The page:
Charity Fund Aims to End Pit Latrines

| June 11, 2015

Francistown City Mayor, Ms Sylvia Muzila has implored the private sector, individuals and the civil society to join hands and assist underprivileged members of the community.

Speaking at the annual Mayor’s Charity fundraising dinner recently, Ms Muzila explained that the fund, which started back in 1992, at one point became dormant because there was no proper structures to coordinate it.

However, she said in 2012, the council through the social welfare department, resuscitated it and named it the Mayor’s Charity Fund.

The aim of the fund raising dinner, she noted, was to assist poor members of the community who lived under deplorable conditions and still used pit latrines.

“More worrying is the fact that even young children who are vulnerable to diseases use these pit latrines which pose a serious health and environmental hazard,” she said.

The fund, she added, intended to eradicate pit latrines in the city, especially for poor households.

She indicated that the Francistown city council could not afford to assist the community unaided and needed help from other stakeholders in pursuit of such just cause.

Further, she explained that contributing to the fund by stakeholders would go a long way in helping the city to realise its Vision 2022 which aims to make it an investment destination of choice.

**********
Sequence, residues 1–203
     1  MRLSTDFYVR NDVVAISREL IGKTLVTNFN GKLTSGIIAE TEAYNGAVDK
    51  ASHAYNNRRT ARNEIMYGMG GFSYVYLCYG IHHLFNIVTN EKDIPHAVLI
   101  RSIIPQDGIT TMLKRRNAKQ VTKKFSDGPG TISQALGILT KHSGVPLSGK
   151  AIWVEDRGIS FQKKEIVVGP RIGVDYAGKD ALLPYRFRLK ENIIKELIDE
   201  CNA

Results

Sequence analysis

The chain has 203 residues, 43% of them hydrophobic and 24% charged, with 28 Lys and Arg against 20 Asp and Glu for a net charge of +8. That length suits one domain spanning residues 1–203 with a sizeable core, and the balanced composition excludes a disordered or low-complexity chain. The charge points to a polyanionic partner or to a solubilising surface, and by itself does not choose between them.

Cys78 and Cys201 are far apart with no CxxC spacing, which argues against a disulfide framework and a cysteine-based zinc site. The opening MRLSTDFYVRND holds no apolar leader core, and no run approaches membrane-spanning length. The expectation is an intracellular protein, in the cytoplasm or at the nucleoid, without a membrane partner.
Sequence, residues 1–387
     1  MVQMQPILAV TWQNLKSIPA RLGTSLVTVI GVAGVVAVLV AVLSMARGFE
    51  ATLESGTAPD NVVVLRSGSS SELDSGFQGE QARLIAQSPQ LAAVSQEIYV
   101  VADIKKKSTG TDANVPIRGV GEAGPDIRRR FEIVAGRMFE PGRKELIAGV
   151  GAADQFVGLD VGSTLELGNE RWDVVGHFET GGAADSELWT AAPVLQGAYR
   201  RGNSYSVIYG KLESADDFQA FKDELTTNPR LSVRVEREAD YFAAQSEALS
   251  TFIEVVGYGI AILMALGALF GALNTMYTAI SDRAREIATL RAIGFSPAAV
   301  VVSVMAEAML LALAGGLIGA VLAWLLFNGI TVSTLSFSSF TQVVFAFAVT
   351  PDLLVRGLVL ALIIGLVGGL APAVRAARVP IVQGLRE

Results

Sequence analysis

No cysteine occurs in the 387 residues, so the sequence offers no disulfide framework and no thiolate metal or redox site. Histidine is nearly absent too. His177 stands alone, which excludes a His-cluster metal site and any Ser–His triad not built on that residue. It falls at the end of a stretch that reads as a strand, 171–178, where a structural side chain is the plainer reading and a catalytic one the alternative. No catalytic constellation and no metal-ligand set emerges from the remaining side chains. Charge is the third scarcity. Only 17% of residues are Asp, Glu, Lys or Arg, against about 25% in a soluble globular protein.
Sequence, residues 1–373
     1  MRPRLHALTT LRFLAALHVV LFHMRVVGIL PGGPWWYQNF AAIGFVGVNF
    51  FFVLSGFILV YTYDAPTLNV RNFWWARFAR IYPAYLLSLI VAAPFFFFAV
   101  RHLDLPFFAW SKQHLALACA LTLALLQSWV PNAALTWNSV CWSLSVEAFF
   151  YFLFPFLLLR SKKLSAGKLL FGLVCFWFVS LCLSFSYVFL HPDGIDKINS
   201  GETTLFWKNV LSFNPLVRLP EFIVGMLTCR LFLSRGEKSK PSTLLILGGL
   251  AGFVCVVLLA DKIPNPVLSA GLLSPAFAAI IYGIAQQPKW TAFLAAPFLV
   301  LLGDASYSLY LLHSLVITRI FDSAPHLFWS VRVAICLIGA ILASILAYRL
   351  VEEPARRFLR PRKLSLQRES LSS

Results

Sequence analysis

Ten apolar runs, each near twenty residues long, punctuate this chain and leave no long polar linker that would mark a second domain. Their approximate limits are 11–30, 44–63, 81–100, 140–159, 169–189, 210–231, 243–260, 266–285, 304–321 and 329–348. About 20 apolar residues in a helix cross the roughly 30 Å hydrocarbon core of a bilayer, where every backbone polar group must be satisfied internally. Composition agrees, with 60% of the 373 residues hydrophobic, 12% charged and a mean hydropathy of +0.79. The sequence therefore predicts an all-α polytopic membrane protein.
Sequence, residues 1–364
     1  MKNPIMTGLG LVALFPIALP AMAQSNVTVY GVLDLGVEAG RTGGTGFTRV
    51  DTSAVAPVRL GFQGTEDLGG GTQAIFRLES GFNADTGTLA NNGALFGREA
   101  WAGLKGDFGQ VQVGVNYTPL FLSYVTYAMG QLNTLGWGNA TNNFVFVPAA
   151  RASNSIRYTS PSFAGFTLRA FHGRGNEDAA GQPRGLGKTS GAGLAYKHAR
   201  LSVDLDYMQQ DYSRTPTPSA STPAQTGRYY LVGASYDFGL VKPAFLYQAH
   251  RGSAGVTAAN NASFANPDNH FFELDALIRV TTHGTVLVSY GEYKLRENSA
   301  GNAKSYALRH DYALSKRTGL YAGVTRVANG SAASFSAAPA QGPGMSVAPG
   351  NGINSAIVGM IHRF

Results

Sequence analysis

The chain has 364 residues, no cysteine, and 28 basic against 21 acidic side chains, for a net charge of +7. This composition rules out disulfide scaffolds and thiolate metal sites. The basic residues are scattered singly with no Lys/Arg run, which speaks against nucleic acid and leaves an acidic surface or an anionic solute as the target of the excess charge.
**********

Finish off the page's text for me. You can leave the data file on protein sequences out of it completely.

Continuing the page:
“We cannot attract investors to our city when we still have pit latrines in our homes. An investment destination of choice has to be clean,” she said.

On other issues, she explained that poverty was a major concern in Botswana and noted that the city council had other responsibilities to the poor such as providing food baskets, toiletry, school uniforms and psycho-social support.

Therefore, she asserted that they needed stakeholders to play their part in developing the city.

She thanked the Chinese Chamber of Commerce for coming aboard in the last three years by giving P30 000 annually to the fund.

So far, she said they have managed to build 18 waterborne toilets for the needy within the city.

However, she explained that the fund would not benefit those households that were renting out their houses.

“We will not assist those households with pit latrines but are being rented out. We will rather encourage them to convert to waterborne toilets or urge tenants to demand these from landlords,” she said.Ms Muzila noted that building one waterborne toilet cost around P7000 per household hence their decision not to put the out for tender but rather do it in-house as construction companies quoted exorbitant amounts.The City Clerk, Mr Lebuile Israel informed attendants that the responsibility for developing the city was for everybody and not the council alone. He highlighted that for the city to be vibrant and attractive, stakeholders needed to aim high and work together.

Source : BOPA

Source : Botswana Daily News

Category: Medical/Health Care

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